Why is my Comparator so Indecisive?
Comparators seem pretty simple. They compare two signals voltages and set the output high or low accordingly. However, if both input signal voltages are really close, even a little noise on the input signal can cause the output to oscillate between high and low logic levels. Adding hysteresis is the easiest way around this problem.
Hysteresis is when the system output depends on its previous state. When hysteresis is added to a comparator, the upper switching threshold is set higher and the lower switching threshold is set lower. This is basically how an AC thermostat works, in case you haven’t noticed. Let’s take a moment to imagine if thermostats didn’t have hysteresis: the AC might cycle on and off every few seconds at the smallest temperature fluctuations, which would be noisy, inefficient, and put stress on the AC unit. Adding hysteresis to the AC thermostat allows the system to operate more effectively.
Some comparators have built-in hysteresis, usually around a few millivolts. This may be adequate for certain applications, but other situations may require the addition of external hysteresis. Adding external hysteresis allows the rising and falling thresholds to be specific to the system requirements.
Hysteresis is implemented in comparator circuits through positive feedback. This is one of those few instances where positive feedback is a positive thing! Instead of having one threshold point, hysteresis creates different rising and falling thresholds. This keeps the output consistently at a low or high state instead of oscillating, even when the input signal is hovering around the reference voltage. A comparator with hysteresis added through positive feedback is also called a Schmitt trigger.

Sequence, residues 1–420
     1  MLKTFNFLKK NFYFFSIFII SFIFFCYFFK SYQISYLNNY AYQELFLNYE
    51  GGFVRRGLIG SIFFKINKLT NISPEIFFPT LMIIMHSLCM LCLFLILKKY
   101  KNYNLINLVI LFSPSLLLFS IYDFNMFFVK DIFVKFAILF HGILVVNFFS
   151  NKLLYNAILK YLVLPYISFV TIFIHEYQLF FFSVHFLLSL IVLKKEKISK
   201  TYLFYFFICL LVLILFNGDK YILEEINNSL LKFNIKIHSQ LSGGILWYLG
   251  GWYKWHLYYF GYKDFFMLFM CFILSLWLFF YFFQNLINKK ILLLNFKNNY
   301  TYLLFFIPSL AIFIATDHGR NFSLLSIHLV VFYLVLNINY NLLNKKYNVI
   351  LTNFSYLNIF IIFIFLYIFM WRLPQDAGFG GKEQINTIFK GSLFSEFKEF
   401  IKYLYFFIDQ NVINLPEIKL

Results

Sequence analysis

The example below shows the ON Semiconductor TL331 configured as an inverting Schmitt trigger. The TL331 is a single channel, low power, open collector comparator without internal hysteresis. The resistor divider created by the R1 and R2 resistors sets the reference voltage on the non-inverting pin, establishing the threshold voltage at which the comparator output switches. Since this is an open collector comparator, a pull-up resistor is connected to the output. The feedback resistor adds hysteresis through positive feedback. Typically, a relatively large feedback resistor value is used, at least 100 kΩ.
Figure 1. Comparator configured as inverting Schmitt trigger
For this inverting configuration, when the input signal is low relative to the threshold, the output pin is high, pulling the threshold voltage higher through the feedback resistor. This way, small voltage fluctuations on the input signal don’t trigger the comparator output to switch until the input voltage reaches the higher, adjusted, rising threshold. Once the input signal reaches the rising threshold, the output is pulled low. This pulls the threshold voltage lower through the feedback resistor, so that the output will stay low until the input voltage drops to the below the lower adjusted threshold voltage.
The non-inverting configuration works in a similar way as far its use of positive feedback. However, in this case, the threshold voltage set by the resistor divider doesn’t change as it does with the inverting configuration. Instead, feedback adjusts the input signal at the non-inverting node.
Figure 2. Comparator configured as non-inverting Schmitt trigger
In this configuration, when the input signal is low, the output pulls low, causing the voltage at the non-inverting node to drop lower. Once the input signal is high enough to pull the non-inverting node higher than the reference voltage, the output is pulled high, which then pulls the non-inverting node even higher.
In both circuits shown, adding hysteresis takes only one or two external resistors, and the resistor values can be adjusted to the threshold values best suited for the specific application. When designing in a comparator, if there is any chance that the voltages on the input pins will approach each other for any significant amount of time, adding hysteresis is a simple way of reducing issues caused by noise on the input signal.